Second, the mainstream economists claim that imposing taxes on labour income reduce the supply of labour. That is a claim that doesn’t receive strong empirical support at the aggregate level. But that aside, such a proposition would not be valid for these forward-looking apple-eaters. They would quickly realise that tax-transfer scheme was a charade.
Further, given that the government is collecting taxes via openly coercive means (rather than using its currency sovereignty to induce private agents to supply resources into the public sector as in a fiat currency system), there would be rather stronger disincentives not to collect the apples in this economy than any “tax distortion” the other way might present.
But all this tells us nothing about what happens in a real world, monetary economy.
Now consider the way a monetary economy works.
The introduction of a currency unit (with government holding monopoly power over its issuance) immediately changes the situation in this real economy. Even with we retain most of the unusual (read: unbelievable) characteristics about this economy – no markets etc – the introduction of money changes things fundamentally.
First, the valuation problem changes because now goods and services (apples) could be valued in terms of the monetary unit – that is, a price would be defined.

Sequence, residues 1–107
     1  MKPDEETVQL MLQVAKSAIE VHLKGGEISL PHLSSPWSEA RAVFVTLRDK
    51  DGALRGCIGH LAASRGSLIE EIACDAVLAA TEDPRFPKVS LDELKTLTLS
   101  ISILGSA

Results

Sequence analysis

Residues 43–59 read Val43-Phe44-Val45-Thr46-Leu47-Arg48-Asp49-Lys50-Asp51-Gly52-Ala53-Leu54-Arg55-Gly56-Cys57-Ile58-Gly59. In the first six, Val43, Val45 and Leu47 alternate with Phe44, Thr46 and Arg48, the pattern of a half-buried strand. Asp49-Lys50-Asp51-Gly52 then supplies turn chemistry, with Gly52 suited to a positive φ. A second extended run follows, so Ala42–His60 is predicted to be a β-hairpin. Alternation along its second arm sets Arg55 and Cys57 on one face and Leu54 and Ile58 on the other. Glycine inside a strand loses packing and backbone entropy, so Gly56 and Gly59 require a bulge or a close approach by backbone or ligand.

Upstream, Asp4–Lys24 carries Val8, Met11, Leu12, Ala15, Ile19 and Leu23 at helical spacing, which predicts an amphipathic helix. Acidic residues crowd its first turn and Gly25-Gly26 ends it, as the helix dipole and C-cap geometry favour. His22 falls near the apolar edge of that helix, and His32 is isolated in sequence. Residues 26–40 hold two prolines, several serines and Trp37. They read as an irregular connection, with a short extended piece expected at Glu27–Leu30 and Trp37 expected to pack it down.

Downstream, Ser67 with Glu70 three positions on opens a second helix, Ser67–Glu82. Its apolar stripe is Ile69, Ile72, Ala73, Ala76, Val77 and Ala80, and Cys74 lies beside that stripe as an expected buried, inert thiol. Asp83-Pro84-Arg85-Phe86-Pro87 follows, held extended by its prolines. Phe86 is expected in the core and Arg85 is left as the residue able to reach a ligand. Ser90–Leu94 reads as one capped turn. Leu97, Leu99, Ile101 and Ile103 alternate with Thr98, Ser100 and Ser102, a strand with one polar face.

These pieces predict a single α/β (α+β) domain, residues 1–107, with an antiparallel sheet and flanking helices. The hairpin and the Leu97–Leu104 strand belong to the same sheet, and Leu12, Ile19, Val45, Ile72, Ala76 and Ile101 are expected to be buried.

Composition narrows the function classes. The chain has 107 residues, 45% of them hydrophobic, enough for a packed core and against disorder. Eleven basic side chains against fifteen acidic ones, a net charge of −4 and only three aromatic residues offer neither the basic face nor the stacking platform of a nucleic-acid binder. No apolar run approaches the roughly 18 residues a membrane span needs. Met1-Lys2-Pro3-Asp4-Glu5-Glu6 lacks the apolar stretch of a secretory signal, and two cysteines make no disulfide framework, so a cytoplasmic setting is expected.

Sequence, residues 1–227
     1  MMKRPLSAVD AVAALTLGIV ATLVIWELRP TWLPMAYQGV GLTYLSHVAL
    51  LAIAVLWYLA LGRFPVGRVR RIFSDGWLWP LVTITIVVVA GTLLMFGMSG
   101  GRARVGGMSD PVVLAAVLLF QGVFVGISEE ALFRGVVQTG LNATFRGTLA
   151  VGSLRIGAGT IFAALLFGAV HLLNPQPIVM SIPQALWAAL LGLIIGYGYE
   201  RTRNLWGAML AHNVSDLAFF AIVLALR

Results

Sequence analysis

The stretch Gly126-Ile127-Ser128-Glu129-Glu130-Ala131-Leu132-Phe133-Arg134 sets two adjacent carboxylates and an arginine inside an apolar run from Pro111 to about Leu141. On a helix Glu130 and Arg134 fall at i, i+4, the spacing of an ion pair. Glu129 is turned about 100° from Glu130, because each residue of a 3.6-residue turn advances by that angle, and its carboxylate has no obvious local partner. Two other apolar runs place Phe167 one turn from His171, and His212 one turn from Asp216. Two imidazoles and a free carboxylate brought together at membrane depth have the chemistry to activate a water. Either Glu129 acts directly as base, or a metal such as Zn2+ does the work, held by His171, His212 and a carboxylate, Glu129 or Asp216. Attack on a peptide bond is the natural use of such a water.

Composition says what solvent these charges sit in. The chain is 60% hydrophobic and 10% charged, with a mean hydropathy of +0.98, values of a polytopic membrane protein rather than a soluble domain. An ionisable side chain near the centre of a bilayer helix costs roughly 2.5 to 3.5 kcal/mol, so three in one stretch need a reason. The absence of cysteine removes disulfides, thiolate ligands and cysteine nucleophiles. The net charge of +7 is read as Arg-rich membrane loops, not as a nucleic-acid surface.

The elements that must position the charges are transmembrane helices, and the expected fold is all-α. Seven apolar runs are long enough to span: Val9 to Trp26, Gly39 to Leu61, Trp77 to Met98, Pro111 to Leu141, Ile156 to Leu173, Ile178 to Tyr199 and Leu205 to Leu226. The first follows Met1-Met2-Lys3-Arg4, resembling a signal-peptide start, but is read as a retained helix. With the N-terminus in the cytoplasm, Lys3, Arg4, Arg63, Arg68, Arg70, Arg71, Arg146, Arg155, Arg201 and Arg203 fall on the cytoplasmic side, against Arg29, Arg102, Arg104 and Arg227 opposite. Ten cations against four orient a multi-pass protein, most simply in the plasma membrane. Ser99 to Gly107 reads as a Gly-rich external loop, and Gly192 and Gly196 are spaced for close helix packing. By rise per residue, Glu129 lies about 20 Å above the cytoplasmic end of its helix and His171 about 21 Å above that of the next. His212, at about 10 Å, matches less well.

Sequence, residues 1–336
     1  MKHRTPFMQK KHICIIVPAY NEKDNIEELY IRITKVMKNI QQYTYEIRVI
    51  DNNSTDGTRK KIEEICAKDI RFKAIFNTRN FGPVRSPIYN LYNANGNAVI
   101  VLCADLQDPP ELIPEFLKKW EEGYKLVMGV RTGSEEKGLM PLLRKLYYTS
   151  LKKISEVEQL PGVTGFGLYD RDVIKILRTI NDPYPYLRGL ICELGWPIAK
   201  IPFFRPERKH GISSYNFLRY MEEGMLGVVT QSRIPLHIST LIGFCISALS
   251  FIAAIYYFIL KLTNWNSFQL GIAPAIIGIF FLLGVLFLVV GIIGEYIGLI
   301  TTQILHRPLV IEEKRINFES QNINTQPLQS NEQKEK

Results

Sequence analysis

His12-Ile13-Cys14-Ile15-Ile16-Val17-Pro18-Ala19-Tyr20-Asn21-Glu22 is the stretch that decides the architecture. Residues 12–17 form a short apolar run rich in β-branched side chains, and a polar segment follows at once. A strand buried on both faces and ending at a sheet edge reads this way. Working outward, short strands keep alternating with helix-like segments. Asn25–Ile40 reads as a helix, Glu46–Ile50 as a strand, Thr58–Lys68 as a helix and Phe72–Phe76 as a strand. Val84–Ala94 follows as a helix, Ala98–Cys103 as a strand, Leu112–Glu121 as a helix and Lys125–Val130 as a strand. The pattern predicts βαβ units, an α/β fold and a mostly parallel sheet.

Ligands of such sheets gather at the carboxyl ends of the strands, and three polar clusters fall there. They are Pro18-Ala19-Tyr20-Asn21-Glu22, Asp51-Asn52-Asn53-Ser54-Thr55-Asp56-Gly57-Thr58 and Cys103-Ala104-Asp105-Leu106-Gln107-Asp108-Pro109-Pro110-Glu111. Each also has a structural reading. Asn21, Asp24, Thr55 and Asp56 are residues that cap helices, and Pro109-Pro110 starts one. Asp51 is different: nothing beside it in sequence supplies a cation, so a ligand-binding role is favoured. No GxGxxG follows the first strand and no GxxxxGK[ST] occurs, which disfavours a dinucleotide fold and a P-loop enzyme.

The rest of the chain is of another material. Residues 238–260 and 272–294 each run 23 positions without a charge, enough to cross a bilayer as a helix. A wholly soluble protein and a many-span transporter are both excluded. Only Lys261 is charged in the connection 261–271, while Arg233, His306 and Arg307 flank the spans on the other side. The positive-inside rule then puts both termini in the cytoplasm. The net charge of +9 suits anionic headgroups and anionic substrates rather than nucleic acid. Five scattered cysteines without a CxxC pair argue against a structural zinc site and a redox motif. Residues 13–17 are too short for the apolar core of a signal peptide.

Second, the own-producer model had no currency. There were no transactions. Each producer somehow was endowed with a very productive apple tree (given it dropped one apple per day through the year) and had very frugal nutritional requirements.
When the government levied the tax (1 apple per person per day), the private sector would have only been induced to pay that tax by some non-economic authority.
But if the government is using its own currency and is levying the tax in that currency (rather than in-kind – apples) then the situation changes dramatically – and – we approach something more akin to the real world.
Note here that I am not against simplifying models. They are clearly useful in demonstrating key aspects of the real world yet allowing us to avoid undue complexity, which might lead us to confusion.
But these simplifying models have to have some tractability with the real world. They must not violate basic principles of the actual monetary system.
Modern monetary economies use money as the unit of account to pay for goods and services. An important notion is that money is a fiat currency, that is, it is convertible only into itself and not legally convertible by government into gold, for instance, as it was under the gold standard.
The fact that the government has the exclusive legal right to issue the particular fiat currency it also demands as payment of taxes renders it a monopoly supplier of that currency.
Once we realise that government spending is not revenue-constrained then we have to analyse the functions of taxation in a different light. Taxation functions to promote.
Clearly by imposing a tax on households in terms of currency units the government immediately creates a demand for its currency, which otherwise would be seen by the beach-bums as worthless bits of paper (for example).
The government might rock down the beach and announce to the bums – we will pay you a dollar a day of our currency to come and work for us. The bums will just say – whatever! – and go back to sleep.